This is an especially important issue, especially here in the tri-state New York area. Kids here have been exposed to 9/11, horrific deaths and an attack on our country. They had psychologists that came to talk to the kids right after this happened and now they’re not around, but our kids are still being affected by it. Same thing with Katrina – these emotional scars in our kids are ongoing.
Here’s another issue. The money the insurance companies would be saving if they covered preventive psychological care to a greater extent is tremendous. In our movie we tell the story of a child named Jordan who jumped out of his ninth-floor bedroom window over 100 feet and didn’t die. The hospital said that they never had anybody jump more than 50 feet and live. His insurance carrier would only cover twelve talk therapy sessions a year, but since his jump they’ve spent over two million dollars on his treatment for physical rehabilitation and operations. They would have been able to save that money if they had allowed this kid to come and talk to someone thirty or forty times a year.
The insurance companies are finally now coming to terms with the cost-benefit ratio and the fiscal responsibility of bringing mental health care in par with other illness treatments. Nationally, we have lost billion’s in productivity in the workplace because of company employees up to CEO’s or VP’s that are afraid to go to their human resources departments to talk about their depression. What happens? They wind up drinking or drugging their problems away and because they are such vital members of their team the company places them in rehab for thirty days hoping they can return to their jobs.
Ira: You certainly have hit upon many of the key issues that the mental health community has grappled with for many years. How can we learn more about No Kidding Me Too?
Joe: I would just invite everyone to visit our website at www.nkm2.org to learn more about our mission, to get involved by helping us in our mission so we can continue with the work we are doing. We hope to be the “go to” organization for college kids and the business community.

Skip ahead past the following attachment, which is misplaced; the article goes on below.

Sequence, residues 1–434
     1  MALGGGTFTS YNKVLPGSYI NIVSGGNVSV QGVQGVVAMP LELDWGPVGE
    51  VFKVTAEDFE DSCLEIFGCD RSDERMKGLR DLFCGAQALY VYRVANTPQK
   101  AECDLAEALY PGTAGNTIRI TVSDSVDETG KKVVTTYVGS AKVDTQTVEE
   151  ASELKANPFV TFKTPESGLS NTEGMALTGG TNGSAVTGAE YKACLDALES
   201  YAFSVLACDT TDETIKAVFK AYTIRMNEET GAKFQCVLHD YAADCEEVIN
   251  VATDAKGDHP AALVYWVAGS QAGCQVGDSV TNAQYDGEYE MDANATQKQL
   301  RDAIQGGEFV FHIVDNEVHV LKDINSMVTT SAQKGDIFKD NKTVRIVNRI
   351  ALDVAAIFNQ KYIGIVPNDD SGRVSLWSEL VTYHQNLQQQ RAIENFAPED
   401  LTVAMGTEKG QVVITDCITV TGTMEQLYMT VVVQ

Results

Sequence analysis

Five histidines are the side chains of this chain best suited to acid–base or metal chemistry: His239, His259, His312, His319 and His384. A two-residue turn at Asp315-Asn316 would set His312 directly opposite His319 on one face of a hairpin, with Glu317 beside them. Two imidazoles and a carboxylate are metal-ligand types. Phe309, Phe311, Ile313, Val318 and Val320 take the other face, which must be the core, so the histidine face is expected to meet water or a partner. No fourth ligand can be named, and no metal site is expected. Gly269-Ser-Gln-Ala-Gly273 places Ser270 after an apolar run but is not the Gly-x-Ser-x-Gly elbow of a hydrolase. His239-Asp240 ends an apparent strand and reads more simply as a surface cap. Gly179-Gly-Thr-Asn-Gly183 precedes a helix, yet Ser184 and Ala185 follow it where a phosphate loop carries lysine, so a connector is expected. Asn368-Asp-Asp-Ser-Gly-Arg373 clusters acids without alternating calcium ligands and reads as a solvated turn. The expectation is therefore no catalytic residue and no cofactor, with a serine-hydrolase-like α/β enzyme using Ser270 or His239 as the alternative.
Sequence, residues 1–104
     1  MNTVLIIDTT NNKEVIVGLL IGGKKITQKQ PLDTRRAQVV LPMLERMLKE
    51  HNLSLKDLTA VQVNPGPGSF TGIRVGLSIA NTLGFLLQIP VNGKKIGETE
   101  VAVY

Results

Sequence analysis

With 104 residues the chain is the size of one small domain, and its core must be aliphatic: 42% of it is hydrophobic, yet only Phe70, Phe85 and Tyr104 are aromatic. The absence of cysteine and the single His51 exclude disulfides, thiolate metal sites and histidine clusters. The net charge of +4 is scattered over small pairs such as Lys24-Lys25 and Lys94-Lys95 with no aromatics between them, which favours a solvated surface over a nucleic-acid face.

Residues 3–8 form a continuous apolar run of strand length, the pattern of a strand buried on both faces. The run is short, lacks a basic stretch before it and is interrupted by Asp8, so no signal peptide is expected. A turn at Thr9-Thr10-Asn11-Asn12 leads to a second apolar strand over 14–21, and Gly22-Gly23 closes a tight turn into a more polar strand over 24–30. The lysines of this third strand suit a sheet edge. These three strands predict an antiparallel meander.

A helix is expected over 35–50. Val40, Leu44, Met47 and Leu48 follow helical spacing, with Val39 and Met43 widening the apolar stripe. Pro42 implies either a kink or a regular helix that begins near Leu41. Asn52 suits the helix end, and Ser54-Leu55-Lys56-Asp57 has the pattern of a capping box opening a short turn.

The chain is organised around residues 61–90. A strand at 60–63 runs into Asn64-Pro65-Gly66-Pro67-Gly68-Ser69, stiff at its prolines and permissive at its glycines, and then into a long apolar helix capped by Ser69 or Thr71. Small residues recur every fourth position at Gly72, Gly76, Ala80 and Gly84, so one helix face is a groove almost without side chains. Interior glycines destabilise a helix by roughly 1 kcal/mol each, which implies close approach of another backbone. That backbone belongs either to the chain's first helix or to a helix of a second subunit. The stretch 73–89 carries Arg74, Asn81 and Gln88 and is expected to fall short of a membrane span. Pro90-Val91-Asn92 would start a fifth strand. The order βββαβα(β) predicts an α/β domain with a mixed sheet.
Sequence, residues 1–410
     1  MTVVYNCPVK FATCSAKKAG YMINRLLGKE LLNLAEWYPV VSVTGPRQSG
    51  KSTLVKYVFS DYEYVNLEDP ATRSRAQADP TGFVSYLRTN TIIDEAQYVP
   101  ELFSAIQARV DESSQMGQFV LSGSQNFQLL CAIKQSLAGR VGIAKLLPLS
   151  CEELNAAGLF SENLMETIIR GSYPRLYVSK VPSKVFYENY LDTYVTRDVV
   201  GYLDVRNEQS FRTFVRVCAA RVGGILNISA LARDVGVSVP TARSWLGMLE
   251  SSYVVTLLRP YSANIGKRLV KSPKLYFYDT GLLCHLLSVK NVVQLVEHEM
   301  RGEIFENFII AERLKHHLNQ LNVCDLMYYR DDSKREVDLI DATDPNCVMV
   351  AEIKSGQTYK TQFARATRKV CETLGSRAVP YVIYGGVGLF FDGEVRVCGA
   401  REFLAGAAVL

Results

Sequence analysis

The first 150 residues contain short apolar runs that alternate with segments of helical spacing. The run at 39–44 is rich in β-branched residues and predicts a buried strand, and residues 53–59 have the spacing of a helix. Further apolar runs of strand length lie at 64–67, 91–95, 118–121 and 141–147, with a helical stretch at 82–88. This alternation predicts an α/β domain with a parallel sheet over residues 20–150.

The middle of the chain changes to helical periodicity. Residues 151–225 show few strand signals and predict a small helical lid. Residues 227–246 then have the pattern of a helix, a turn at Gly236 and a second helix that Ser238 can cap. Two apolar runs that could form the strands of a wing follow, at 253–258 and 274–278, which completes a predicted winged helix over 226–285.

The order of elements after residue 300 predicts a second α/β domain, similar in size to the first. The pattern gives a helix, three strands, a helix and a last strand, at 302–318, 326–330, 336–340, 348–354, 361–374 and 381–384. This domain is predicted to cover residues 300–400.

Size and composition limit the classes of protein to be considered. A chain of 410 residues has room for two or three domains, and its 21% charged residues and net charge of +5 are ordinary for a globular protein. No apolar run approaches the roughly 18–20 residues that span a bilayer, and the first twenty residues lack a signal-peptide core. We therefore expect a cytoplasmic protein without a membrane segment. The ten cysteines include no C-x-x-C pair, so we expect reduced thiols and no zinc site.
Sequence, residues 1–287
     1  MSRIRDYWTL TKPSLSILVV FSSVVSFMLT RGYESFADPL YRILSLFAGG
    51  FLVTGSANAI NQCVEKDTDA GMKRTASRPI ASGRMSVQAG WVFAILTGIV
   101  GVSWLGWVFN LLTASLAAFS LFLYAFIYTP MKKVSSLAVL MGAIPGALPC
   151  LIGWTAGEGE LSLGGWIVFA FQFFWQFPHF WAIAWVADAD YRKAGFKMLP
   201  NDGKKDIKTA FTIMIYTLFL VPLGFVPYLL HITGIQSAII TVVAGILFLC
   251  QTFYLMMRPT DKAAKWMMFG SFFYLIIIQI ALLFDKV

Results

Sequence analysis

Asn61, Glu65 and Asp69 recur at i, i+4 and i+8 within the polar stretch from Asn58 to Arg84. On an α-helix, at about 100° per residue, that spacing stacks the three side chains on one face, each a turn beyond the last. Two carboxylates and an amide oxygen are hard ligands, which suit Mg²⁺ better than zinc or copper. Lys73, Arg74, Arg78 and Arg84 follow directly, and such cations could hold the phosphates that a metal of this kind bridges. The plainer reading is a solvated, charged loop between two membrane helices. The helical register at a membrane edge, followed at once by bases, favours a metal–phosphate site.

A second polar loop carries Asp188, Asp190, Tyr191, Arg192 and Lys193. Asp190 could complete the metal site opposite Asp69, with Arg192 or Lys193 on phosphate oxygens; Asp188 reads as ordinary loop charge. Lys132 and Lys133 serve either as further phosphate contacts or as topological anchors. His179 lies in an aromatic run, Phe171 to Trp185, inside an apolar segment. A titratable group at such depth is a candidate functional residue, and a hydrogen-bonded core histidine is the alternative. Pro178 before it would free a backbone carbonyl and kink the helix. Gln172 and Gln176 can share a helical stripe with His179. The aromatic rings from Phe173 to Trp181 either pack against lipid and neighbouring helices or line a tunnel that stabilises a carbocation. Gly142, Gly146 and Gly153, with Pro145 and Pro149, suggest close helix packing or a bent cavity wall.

Ira: In addition to your outreach through your website and your many public speaking engagements, what other vehicles are you using with the organization to get the word out?
Joe: We have put together a documentary called No Kidding Me Too – The Movie. I will be doing a series of tours – including our upcoming stop at Westport High School in Connecticut where we will be showing the movie to over nine hundred families and teenagers. We also want to take it to colleges.
Ira: If there was one thing you’d like to leave our readers with about your experience and the good work that you are doing, what would you say?
Joe: I would say, “You’re Not Alone” and “You Can Get Better.” I would also say “Surrender and Get Better,” but I am not sure everyone would understand that.
Ira: I do know what you’re talking about when you say that. For years during my own illness, I felt as though I was at a doorway with me on one side of the door and my depression on the other. We were both pushing hard against that same door and no progress was being made. It wasn’t until someone told me to “Let go and accept your illness so you can begin to heal,” that I finally stopped fighting my depression and blaming myself and I began my journey on the road to recovery. It’s a message that our entire readership should understand, and I am glad you said it.
Joe: People tell me that I am brave or that I am doing a great service in coming out about my illness and talking about it openly. In reality, talking about it and knowing that I am helping others by doing so helps to keep me well – it’s the best therapy I have found.
David Minot: I want you to know that I watched Canvas and it brought tears to my eyes seeing the movie. I was a young boy when my father went through his long illness with depression, and seeing the child and the mother in Canvas really brought back a lot of feelings for me. I really think what you are doing for people in the community about mental illness is a truly wonderful mission.
Joe: Canvas is a wonderful movie that more people would benefit by seeing. Tell your readers that they can access ways to see it through our website, www.nkm2.org.
Ira: Joey, you’re the greatest, and we thank you for taking the time to speak with us. I know our readers will really appreciate it.